The weed wireStates with legal cannabis have fewer vaping illness cases, study finds

A new Journal of the American Medical Association study shows a five-fold jump in EVALI cases in states that prohibit weed
Jared Gnam Jared GnamApril 9, 20206 min

Americans living in states with legal recreational cannabis were far less likely to suffer vaping-related lung injuries than those who live in states that prohibit weed use, according to new research.

The study, published in the Journal of the American Medical Association Network Open this week, further supports advocates’ claims that e-cigarette or vaping product use-associated lung injury, or EVALI, is caused by tainted vape cartridges sold in illicit markets.

Although scientists haven’t been able to pinpoint the exact cause of the illnesses, the U.S. Centers for Disease Control and Prevention previously reported that more than three quarters of EVALI patients got THC vape products from unregulated sources. As well, vitamin E acetate — a thickening agent that’s dangerous when heated and consumed — was detected in 78 per cent of those products they were using.

Read more: Illicit THC vapes main cause of EVALI lung illness: CDC

There have been nearly 3,000 EVALI cases in the U.S. as of February, resulting in 60 deaths, according to the CDC.

In the study published this week, the University of Indiana analyzed state-level CDC data, e-cigarette consumption data from the Behavioral Risk Factor Surveillance System, as well as population census data.

States with legal cannabis had fewer vaping illness cases, study finds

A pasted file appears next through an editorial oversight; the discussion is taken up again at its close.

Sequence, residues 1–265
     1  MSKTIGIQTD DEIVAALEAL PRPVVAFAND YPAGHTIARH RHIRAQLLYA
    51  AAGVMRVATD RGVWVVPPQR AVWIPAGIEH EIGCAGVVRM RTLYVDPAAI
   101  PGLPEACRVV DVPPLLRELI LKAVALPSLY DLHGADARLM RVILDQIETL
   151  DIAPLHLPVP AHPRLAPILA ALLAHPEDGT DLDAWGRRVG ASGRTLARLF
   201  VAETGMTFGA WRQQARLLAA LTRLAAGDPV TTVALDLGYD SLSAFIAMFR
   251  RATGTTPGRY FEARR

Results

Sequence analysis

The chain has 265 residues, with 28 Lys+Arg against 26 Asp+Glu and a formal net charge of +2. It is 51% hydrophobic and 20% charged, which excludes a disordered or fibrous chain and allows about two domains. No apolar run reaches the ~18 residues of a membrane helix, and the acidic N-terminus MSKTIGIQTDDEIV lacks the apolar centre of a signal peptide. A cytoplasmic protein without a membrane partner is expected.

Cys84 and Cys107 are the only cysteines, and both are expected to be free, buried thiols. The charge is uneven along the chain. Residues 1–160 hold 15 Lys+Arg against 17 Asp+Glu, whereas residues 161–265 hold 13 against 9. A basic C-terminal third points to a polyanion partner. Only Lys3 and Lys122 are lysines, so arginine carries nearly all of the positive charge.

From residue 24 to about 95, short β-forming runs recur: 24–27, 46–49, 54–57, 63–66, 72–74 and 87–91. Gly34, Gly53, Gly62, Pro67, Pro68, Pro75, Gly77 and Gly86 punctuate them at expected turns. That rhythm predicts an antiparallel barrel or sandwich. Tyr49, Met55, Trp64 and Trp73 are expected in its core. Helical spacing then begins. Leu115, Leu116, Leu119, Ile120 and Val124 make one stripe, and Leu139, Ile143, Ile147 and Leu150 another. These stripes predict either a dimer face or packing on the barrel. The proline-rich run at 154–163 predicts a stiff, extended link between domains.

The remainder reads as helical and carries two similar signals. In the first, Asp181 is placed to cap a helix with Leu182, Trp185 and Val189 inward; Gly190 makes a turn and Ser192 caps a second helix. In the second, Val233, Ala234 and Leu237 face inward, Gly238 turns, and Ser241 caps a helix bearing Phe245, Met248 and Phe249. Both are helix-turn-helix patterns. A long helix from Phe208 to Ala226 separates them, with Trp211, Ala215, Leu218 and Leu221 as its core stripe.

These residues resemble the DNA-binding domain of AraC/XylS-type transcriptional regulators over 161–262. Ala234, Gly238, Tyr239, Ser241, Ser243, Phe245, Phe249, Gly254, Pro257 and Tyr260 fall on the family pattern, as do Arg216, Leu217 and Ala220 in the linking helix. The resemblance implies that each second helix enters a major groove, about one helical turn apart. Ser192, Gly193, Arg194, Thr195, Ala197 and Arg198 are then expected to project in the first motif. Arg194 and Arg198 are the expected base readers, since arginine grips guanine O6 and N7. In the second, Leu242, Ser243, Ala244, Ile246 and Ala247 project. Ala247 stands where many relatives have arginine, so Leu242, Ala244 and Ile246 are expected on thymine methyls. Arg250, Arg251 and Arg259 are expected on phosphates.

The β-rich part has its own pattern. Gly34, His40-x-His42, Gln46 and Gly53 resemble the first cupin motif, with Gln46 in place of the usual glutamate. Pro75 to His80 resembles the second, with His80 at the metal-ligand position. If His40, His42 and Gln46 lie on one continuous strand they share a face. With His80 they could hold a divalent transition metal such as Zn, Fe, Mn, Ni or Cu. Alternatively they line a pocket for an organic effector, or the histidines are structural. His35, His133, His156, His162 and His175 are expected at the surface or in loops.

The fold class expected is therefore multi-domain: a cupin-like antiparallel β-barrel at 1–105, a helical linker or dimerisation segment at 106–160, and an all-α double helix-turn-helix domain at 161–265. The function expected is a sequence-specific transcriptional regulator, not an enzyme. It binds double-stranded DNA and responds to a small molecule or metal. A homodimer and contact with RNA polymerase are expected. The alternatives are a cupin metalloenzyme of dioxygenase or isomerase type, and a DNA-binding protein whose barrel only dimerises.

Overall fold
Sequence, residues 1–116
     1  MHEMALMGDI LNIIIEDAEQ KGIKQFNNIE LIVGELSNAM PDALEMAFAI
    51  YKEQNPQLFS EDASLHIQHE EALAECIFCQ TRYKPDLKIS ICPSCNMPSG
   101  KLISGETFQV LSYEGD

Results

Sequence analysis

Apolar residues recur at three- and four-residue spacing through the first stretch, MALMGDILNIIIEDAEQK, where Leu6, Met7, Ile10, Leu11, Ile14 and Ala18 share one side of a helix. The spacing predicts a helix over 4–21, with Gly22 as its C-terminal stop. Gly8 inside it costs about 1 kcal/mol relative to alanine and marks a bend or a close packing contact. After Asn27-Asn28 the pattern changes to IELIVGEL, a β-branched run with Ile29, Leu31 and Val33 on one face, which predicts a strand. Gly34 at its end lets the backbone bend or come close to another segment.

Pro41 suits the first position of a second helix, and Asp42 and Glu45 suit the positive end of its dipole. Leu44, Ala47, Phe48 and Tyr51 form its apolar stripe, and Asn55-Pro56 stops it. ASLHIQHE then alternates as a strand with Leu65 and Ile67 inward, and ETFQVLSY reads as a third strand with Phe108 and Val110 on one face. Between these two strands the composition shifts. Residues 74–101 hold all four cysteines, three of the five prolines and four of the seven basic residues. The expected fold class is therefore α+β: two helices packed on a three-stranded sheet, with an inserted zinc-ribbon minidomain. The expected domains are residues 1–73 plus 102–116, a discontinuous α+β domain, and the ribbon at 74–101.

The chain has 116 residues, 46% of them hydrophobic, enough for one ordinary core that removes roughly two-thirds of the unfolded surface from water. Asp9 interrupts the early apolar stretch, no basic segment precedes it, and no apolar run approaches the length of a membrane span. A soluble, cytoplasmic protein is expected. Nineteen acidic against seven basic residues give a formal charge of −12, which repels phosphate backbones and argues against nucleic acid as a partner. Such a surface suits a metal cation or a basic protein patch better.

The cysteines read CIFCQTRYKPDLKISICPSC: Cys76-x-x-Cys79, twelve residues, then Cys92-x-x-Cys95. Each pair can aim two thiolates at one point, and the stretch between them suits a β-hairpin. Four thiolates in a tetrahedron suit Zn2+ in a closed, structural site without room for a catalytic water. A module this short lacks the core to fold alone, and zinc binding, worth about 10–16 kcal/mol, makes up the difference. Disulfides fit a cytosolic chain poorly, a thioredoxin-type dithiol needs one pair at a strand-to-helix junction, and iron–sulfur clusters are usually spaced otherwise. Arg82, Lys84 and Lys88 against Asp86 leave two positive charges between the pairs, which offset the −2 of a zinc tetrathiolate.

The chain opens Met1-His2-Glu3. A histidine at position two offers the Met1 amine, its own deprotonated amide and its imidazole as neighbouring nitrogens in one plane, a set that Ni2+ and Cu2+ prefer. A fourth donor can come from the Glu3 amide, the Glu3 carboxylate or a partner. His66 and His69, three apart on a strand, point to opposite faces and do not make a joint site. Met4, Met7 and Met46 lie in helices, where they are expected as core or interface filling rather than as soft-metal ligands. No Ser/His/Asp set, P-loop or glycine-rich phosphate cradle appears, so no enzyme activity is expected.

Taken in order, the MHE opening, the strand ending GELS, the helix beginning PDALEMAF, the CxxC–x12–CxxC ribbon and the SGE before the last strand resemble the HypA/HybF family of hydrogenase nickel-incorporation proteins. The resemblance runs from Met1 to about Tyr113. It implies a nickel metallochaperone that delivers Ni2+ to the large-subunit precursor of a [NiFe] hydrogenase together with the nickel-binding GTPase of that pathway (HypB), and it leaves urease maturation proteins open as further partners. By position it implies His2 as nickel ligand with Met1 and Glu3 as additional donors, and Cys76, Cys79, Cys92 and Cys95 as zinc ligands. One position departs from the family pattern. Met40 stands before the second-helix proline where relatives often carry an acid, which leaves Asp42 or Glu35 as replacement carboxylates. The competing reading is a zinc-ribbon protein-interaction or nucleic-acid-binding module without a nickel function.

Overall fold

State by state data on EVALI cases via JAMA Network Open

The scientists said they wanted to test the hypothesis that illicit-market THC products cause EVALI.

The study results showed that states with recreational weed stores had 1.7 EVALI cases per million people, versus 8.1 cases per million in prohibition states. However, medical-only states experienced an EVALI case rate of 8.8 per million people.

“The data suggest that EVALI cases were concentrated in states where consumers do not have legal access to recreational marijuana dispensaries,” the researchers wrote.

“This association was not driven by state-level differences in e-cigarette use, and EVALI case rates were not associated with state-level prevalence of e-cigarette use. One possible inference from our results is that the presence of legal markets for marijuana has helped mitigate or may be protective against EVALI.”

However, the researchers note the reason for this association remains unclear. While it’s likely the tested THC vape products from legal stores in recreational states are a safer option, they concluded that more research is needed.

Erik Altieri, executive director at weed reform group NORML, said these findings come as little surprise.

“In jurisdictions where cannabis is legally regulated, consumers gravitate toward the above-ground retail marketplace where they can access lab-tested products manufactured by licensed businesses.” Altieri said in a statement, “Just like alcohol prohibition gave rise to the illicit production of dangerous ‘bathtub gin,’ marijuana prohibition provides bad actors, not licensed businesses, the opportunity to fulfill consumers’ demand — sometimes with tragic results.”

Top image via Deposit Photos

 

jared@mugglehead.com

@JaredGnam

Leave a Reply

Your email address will not be published. Required fields are marked *